by Tom Mahony
The plan was to sneak me into the Iron Maiden concert. I had no ticket and the concert was sold out. Joey worked concession at the amphitheater and had inside connections. We paced his garage, plotting and scheming. We hatched scenarios and scrutinized them and scrubbed away the bad stuff until one option remained.
“You hide in the back of my truck while I drive into the employee parking lot,” Joey said.
“And then what?”
“I walk to my concession stand. You wait in the truck until the show starts, slip through the parking lot, and you’re in. Easy as that.”
I hesitated. It sounded simple enough. But nothing was ever simple with Joey involved.
“What if I get caught? I heard the security guards brutalize trespassers. Smitty’s brother used to work there. He said they beat kids all the time.”
Joey waved dismissively. “Once in a while.”
“Once in a while?”
“So they bitch-slap you a few times. What’s the big deal? It’s Maiden, man. One night only. Sold out. This could be your only chance to see them. Ever. Who knows if they’ll tour again?”
I hesitated. Fear versus history.
“Fine,” I said. “I’m in.”
Joey picked me up in his truck the next evening. We drove to the amphitheater. Joey chattered away. I nodded nervously, sick with fear. But it was Maiden, thinking-man’s metal. I had to do it.
As we neared the place, Joey pulled over and I hopped into the bed of the truck, covered with a mini camper shell and lined with storage compartments. I wedged into a cramped and sweltering compartment. It seemed to take hours to drive a couple of miles.
The truck slowed and stopped. I heard voices, probably the security checkpoint to the employee parking lot. I held my breath. The truck shifted into gear and accelerated. I exhaled in relief.
A minute later the truck stopped, the engine died.
“All clear,” Joey said.
I poked my head out of the compartment. “We’re in?”
“Yeah. Just stay here until the opening band is finished and Maiden takes the stage. There’s a gate over there with a security guard.” He nodded vaguely across the lot. “The guard should leave when the main event starts. Walk through the gate and you’re home free.”
Joey walked off.
The opening band started playing. I sat in the truck listening to the distant rumble. The set ended and the place went quiet again. The minutes crawled along. Agonizing. Unbearable.
Then the amphitheater went dark. The crowd roared, drums started pounding.
I slipped from the truck, crouched down, and searched for guards. All clear.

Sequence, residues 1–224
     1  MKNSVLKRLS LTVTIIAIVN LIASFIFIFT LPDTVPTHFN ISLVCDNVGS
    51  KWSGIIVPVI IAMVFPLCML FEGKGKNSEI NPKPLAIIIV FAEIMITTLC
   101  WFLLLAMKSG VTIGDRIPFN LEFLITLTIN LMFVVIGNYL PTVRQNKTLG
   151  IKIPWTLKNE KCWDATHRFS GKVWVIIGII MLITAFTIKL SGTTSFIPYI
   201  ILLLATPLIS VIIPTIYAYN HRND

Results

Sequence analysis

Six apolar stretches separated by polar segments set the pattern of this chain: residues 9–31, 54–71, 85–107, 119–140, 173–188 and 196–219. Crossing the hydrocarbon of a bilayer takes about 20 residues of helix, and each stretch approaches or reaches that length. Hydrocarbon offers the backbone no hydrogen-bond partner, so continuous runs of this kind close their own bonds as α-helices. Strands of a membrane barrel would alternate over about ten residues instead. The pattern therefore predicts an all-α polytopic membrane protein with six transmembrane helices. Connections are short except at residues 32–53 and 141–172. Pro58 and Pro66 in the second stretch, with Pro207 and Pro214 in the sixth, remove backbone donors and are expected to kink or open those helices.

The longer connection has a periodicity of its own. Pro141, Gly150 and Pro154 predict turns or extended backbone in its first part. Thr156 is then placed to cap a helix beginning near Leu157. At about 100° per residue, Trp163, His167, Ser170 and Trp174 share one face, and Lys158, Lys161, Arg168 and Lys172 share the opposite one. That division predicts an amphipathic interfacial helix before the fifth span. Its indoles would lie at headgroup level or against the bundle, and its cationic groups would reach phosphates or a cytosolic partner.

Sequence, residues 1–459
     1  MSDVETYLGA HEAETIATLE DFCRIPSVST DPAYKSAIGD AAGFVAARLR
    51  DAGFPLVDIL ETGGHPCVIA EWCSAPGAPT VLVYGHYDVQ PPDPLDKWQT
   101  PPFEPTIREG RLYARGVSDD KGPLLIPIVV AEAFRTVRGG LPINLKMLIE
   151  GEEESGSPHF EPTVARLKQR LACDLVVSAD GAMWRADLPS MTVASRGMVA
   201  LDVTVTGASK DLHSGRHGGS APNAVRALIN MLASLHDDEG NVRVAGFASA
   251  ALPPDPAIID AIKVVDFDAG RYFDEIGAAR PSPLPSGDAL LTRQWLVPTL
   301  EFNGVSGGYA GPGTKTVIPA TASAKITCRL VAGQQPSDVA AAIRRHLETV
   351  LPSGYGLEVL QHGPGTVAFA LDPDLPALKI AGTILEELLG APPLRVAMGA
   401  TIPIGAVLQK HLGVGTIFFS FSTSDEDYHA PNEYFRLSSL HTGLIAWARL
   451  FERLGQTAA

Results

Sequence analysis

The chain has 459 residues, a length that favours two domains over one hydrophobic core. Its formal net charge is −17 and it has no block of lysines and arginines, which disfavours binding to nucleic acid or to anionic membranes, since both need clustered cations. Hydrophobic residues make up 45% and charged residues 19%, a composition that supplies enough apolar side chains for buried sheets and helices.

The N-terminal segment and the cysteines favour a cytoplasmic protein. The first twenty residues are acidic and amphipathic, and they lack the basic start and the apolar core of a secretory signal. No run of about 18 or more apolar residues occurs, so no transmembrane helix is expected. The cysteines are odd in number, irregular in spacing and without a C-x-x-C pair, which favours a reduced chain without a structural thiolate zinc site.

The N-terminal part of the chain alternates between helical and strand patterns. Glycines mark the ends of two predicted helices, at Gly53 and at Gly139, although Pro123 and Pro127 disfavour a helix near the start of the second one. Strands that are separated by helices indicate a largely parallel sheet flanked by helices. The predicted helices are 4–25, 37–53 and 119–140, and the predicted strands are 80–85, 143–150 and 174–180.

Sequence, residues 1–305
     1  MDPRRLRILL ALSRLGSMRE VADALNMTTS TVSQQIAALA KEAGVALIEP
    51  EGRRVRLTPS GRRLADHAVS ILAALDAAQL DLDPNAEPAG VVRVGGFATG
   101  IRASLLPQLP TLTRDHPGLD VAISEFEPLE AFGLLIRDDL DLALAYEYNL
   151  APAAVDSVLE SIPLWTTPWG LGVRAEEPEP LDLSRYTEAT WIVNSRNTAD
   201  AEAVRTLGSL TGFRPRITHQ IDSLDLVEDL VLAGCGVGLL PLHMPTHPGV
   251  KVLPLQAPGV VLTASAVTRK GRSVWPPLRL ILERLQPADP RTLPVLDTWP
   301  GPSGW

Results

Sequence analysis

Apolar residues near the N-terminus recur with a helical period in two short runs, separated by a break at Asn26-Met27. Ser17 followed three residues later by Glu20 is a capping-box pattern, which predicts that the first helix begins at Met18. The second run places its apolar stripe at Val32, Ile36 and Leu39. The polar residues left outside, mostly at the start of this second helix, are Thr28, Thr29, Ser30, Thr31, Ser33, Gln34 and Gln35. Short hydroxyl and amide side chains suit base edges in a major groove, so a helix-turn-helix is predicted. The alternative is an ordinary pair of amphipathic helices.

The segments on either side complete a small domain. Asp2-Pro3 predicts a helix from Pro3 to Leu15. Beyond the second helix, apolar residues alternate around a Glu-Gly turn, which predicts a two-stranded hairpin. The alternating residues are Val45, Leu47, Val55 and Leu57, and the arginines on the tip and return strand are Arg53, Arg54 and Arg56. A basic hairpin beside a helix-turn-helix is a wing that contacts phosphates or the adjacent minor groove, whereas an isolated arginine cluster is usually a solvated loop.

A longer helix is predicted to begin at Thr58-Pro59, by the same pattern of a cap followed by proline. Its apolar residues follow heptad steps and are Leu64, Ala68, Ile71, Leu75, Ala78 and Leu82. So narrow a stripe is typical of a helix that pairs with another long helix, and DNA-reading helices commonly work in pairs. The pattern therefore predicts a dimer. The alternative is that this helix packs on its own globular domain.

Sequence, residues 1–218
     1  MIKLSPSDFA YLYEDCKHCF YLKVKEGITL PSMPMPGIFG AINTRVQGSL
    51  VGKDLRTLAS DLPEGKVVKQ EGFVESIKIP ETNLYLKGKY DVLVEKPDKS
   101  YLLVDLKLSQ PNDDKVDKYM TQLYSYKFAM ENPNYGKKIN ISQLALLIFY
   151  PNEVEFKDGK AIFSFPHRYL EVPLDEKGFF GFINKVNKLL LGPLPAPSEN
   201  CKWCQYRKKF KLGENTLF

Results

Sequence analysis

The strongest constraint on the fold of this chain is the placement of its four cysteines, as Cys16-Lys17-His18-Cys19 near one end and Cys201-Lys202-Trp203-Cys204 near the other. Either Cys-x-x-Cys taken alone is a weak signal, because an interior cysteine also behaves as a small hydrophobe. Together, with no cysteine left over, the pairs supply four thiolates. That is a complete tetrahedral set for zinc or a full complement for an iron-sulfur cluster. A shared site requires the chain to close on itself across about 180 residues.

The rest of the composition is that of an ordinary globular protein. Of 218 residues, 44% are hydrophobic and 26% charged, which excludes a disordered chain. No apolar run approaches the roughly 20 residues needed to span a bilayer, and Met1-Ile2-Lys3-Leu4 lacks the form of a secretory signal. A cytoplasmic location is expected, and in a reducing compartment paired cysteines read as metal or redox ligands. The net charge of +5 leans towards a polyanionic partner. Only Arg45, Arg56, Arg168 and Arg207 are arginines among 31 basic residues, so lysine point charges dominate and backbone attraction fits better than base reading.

I trotted through the parking lot. The music thumped in the distance. I longed to be there, just one last obstacle. I saw the gate up ahead. No sign of the guard.
Maiden blasted through their first song. My fear vanished and I surged with anticipation. I had visions of front row seating, multiple encores, gorgeous heavy metal tramps whored-up in full concert regalia. Maybe, just maybe, I’d score more than a free concert this evening.
Almost there. Twenty feet. Ten. Five.
As I reached the gate someone grabbed my shirt and yanked me backward.
“What the hell, kid?”
A security guard spun me around and shone a flashlight in my face. I froze.
“You trying to sneak in?”
“You work here?”
My brain wasn’t functioning. I panicked. “No.”
“Then what are you doing?”
There was no weaseling out of this. I could only beg for clemency. “Okay, you caught me. But can you cut me a break? It’s Maiden.”
He lowered the flashlight and fixed me with a cold hard glare.
“C’mon, man,” I pleaded. “What’s the harm? Let me go and we’ll forget this ever happened.”
He kept glaring but in the flashlight glow I saw the first trace of pity in his eyes.
“You must’ve done something like this as a kid,” I said, the groveling coming easier with my desperation. “Let me go, just this once. It’s Maiden. A once in a lifetime experience.”
His face softened. A faint smile spread across his lips, perhaps harkening back to his own halcyon days of concert tomfoolery. Youthful indiscretions. This guy got it. He’d grown older but hadn’t forgotten what it was like back in the day. I felt a burgeoning bro-moment, an intergenerational connection.
A passing of the baton.
The pass was completed by his fist crashing into my jaw. I folded to the ground. He yanked me up by the hair and marched me to the exit gate and shoved me through and slammed it shut.
I trudged home five miles in the dark. There would be no Maiden that night. No gorgeous heavy metal tramps. The pain and disappointment and humiliation might conceivably offer life lessons, broad in scope and crucial to personal evolution. Revelations about responsibility, honesty, better strategic planning. But all I came away with was one insight, narrowly focused, that served me well in later years:
If you want to score heavy metal tramps at a Maiden concert, you have to buy a ticket.
“Thinking Man’s Metal” has previously been published in Cantaraville and Tom Mahony’s Slow Entropy.
TOM MAHONY is a biological consultant in California with an M.S. degree from Humboldt State University. His fiction has been nominated for a Pushcart Prize and has appeared in dozens of online and print publications, including Surfer Magazine, Flashquake, The Rose & Thorn, Pindeldyboz, In Posse Review, Boston Literary Magazine, 34th Parallel, Diddledog, Foliate Oak, and Decomp. His short fiction collection, Slow Entropy, was published by Thumbscrews Press in 2009. He is looking for a publisher for several novels. Visit him at tommahony.net.